Trainer Tuesday: What Are the Most Important Elements to Finding a Good Distance? 

Welcome to Trainer Tuesday! Each week we ask trainers a question and gather their answers for you. These trainers have a range of experience, backgrounds, and focus points of their programs, so the answers have as much variation as you would expect and also probably much more similarity. 

This week’s question posed is: What are the most important elements to finding a good distance? 

Here are their answers: 

“Pace and track. If you have those two things correct, you will almost always have a good distance to the jump. Your horses stride must be rhythmic, and your horse must be straight to the jumps. The goal is to always keep the speed and rhythm the same and try not to make too many adjustments. When the rider has an accurate speedometer, they can rate the pace much easier so they can make sure the speed always gets reset back to the ‘right’ pace for the horse in between the jumps.” – Stevie McCarron Wigley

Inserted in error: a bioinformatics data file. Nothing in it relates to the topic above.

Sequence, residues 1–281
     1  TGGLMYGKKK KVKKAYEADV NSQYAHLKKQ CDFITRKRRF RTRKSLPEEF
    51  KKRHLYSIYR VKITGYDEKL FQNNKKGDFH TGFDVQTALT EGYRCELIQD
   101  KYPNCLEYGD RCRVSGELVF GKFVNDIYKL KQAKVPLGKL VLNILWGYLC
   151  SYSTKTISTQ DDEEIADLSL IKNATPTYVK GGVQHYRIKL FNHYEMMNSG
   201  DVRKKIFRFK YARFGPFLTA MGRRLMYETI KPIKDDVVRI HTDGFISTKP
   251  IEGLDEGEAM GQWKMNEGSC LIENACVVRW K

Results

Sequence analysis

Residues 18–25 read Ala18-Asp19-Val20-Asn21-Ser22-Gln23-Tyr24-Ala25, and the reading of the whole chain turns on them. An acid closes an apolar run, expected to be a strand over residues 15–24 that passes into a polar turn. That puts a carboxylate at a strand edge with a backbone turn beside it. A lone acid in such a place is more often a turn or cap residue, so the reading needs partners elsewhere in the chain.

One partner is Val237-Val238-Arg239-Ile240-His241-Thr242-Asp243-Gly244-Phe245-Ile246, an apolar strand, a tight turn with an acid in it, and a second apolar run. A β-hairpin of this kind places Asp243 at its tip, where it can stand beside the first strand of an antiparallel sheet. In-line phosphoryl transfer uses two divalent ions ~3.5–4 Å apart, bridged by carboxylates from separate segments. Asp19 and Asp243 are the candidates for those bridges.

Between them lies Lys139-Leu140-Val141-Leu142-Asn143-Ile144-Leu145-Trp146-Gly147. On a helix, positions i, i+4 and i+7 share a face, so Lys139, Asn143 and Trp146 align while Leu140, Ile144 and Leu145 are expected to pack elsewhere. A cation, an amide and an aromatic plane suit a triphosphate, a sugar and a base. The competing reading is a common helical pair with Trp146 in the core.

Listen to Stevie McCarron Wigley on a recent episode of The Plaidcast here.

“I think the narrative around finding a distance needs to be changed to learning more about a quality canter. As a rider, you are always responsible for your horse’s pace, path and their balance.  These three things will lead you to a quality canter. When a rider has learned to control the canter, the ability to find a distance will become drastically easier.” – Kari Briggs, Otterbein University 

“A horse carrying the rider to the jump (not behind the rider’s leg) continuing to the jump. Straight and balanced canter with one rhythm (I think 110 strides per minute but I could be mistaken) a clear track to the center of the jump. Once you have the right connection with your horse, and the right canter, the horse should show you the distance so you won’t have to work so hard to find it.” – Stefanie Mazer
Read more from Stephanie Mazer in The Plaid Horse here.